I think David has underestimated the desire to somehow mark the particularly "hot" actions on your next actions list (and vice versa, the not-so-hot): He has also made the decision to restrict his whole method to what can be done on paper, in other words ignore things that are valuable and perfectly feasible when using a computer. To each marketer his own.
I will never agree with your statement: "He has also made the decision to restrict his whole method to what can be done on paper, in other words ignore things that are valuable and perfectly feasible when using a computer." It is not a restriction. It is simplicity! You can have a perfect paper-based GTD system or you can have a computer based GTD system with any bells and whistles that you want. It is your choice so where is this restriction?

Folke said:
What I said about machines was not about automation per se or having a machine make my decisions. It was about being able to view my stuff from different angles. Perhaps I was not clear enough? In that case I apologize. Sometimes I want to see everything that requires a particular context, sometimes I want to see all actions in a given project or area, sometimes I want to see what actions are critical across the board (across all contexts), sometimes I want to see actions that are "on hold" on an agenda, etc. It is impossible to switch views like that if you use paper, but is perfectly possible to do with software.
Use OmniFocus and you'll be happy!
 

TesTeq

Registered
Folke said:
As I said, I think it is a pity that David does not develop a GTD part 2: Only possible on a computer (with the right software). There is so much that could be achieved once you let go of the crippling notion that each action can only sit on one single list. It is like insisting that a true car must be drawn by a horse (or if you do put an engine in, still pretend it is a horse).
Reading David...

GTD Book 2015 said:
At Office If you work in an office, there will be a certain things that you can do only there, and a list of those things will be useful to have in front of you then - though obviously, if you have a phone and a computer in your office, and you have "Calls" and "At Computer" as separate lists, they'll be in play as well.
Doesn't it suggest that we can implement a common sense multi-list execution even using paper? Doesn't it show that clever software can and should help us to do it? I don't think David needs to extend the methodology. Everything is in the GTD book.

If you want to pretend that an engine is a horse, you can. But it's not an engine's or a horse's fault. ;-)

And you can change your contexts on the fly:

GTD Book 2015 said:
Before I go on a long trip, I will create "Before Trip" as a temporary category into which I will move everything from any of my action lists that must be handled before I leave. That becomes the only list I need to review, until they're all done.
 

Folke

Registered
TesTeq said:
It is not a restriction. It is simplicity!
We can call things by many names. But the fact remains that GTD gives little or no guidance for doing things in ways that cannot be done using paper, which leaves a vacuum for all those people who want to take advantage of technology and still embrace a hard-landscape, dynamic approach like GTD. Whether we call this simplicity, a limitation, a restriction or something else is not the main issue.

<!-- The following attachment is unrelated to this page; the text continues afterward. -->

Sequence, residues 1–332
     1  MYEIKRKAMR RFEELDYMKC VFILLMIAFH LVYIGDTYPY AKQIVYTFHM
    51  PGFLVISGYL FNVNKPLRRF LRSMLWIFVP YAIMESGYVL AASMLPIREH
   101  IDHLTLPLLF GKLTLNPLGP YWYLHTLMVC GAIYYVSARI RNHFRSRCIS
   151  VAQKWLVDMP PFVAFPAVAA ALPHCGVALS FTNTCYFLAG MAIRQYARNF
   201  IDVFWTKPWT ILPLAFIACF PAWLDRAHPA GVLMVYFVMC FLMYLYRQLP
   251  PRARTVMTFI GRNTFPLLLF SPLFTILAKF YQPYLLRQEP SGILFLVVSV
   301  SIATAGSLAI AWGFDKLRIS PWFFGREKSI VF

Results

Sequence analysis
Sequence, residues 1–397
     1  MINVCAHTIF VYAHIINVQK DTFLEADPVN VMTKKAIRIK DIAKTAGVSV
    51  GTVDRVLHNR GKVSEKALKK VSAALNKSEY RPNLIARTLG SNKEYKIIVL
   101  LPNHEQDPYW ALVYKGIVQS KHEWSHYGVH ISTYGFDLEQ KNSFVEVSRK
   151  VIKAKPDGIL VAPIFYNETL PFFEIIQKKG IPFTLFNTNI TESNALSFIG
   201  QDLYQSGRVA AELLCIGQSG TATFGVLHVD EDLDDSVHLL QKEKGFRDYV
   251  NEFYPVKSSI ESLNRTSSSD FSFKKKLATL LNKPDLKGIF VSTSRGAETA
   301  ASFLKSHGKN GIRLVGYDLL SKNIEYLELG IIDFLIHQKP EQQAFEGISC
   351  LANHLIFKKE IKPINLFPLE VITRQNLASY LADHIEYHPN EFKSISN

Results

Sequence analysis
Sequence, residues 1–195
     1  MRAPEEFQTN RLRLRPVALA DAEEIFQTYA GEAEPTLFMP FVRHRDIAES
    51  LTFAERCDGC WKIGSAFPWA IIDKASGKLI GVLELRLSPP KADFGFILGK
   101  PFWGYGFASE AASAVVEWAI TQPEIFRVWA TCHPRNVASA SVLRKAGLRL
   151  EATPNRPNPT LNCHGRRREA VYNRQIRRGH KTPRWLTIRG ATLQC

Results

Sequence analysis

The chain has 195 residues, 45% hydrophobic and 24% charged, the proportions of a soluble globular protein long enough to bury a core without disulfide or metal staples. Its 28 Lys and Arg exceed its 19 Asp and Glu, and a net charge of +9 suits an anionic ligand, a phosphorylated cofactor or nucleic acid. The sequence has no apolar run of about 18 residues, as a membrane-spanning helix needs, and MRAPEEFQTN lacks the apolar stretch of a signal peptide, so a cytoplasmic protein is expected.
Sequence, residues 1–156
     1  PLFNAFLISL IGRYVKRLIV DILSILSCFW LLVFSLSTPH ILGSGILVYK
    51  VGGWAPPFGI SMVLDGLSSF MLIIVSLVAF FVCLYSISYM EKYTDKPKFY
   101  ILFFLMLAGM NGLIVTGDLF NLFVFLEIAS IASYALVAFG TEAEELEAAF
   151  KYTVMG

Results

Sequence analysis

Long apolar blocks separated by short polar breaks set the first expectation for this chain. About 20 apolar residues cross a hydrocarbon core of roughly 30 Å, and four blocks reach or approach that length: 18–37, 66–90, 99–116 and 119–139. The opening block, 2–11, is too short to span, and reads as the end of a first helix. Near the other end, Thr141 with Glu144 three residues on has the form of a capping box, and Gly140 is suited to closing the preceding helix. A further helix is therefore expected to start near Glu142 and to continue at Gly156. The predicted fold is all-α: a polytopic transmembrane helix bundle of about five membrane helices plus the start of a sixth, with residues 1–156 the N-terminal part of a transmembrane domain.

TesTeq said:
Use OmniFocus and you'll be happy!
I have checked out Omnifocus a bit, and it is one of the more powerful apps. There are plenty of others that have similar powers. And they all have their pros and cons. I think I have found the one that suits me best (Doit - largely due to its color coding feature - that's why I moved from Nirvana, a beautifully simplistic yet powerful app that covers quite a lot).

But what I believe is that app users and app developers could all benefit from some additional wise advice from the grand master - advice that is not being limited to things that can be done on paper. For example, many apps have "saved searches" (aka "advanced filters" aka "perspectives" aka "custom views" ...) in one form or another. This is great, and has no counterpart in the paper world, but I have heard lots of people struggle with defining the most useful such searches methodologically speaking (and also with setting them up programmatically). Some searches (perspectives/views) are so useful that they might perhaps best be recommended as "standard GTD best practice" and be provided "out of the box" in a "GTD" app? To make it easier for everyone. Etc. An authoritative and trusted guru like David could easily provide useful thoughts and guidelines and have an impact on the app market AND on the way people think (even beyond the most obvious fundamentals).
 

Roger

Registered
I sort my paper-based lists all the time, based on whatever criterion seems relevant at the moment. There's nothing heretical about it.
 

Folke

Registered
TesTeq said:
Doesn't it suggest that we can implement a common sense multi-list execution even using paper? Doesn't it show that clever software can and should help us to do it? I don't think David needs to extend the methodology. Everything is in the GTD book.
What you (and David) are describing is the fact that in GTD you can have as many context lists as you like. And that is very good. Many of us have grown up using that system intuitively. I used it myself for over 20 years on paper (prior to about 1998, when I moved to computer). And just like David explained in his first book he reacted strongly, as did I and many others, when the time management people came along with their heavy "project bibles" in the '80s and advocated strict scheduling of everything.